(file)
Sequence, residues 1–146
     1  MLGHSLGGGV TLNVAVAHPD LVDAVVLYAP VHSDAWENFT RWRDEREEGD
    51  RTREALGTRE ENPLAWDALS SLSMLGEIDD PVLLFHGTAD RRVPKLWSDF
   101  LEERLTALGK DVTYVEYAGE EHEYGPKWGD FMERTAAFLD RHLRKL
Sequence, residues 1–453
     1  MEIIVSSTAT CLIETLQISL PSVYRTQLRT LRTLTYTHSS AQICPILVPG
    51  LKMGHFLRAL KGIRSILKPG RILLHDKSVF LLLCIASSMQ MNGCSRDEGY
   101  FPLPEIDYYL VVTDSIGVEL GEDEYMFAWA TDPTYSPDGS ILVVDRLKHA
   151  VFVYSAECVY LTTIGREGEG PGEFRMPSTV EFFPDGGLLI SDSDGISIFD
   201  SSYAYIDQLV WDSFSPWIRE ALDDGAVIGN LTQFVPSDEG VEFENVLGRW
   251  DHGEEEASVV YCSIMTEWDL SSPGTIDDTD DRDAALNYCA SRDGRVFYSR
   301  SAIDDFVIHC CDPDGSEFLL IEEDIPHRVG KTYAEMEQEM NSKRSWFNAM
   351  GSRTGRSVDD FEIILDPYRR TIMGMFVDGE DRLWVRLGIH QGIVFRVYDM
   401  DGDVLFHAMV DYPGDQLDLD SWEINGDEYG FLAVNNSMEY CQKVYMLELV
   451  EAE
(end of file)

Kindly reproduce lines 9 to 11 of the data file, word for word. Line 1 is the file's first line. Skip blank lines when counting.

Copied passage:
   151  VFVYSAECVY LTTIGREGEG PGEFRMPSTV EFFPDGGLLI SDSDGISIFD
   201  SSYAYIDQLV WDSFSPWIRE ALDDGAVIGN LTQFVPSDEG VEFENVLGRW
   251  DHGEEEASVV YCSIMTEWDL SSPGTIDDTD DRDAALNYCA SRDGRVFYSR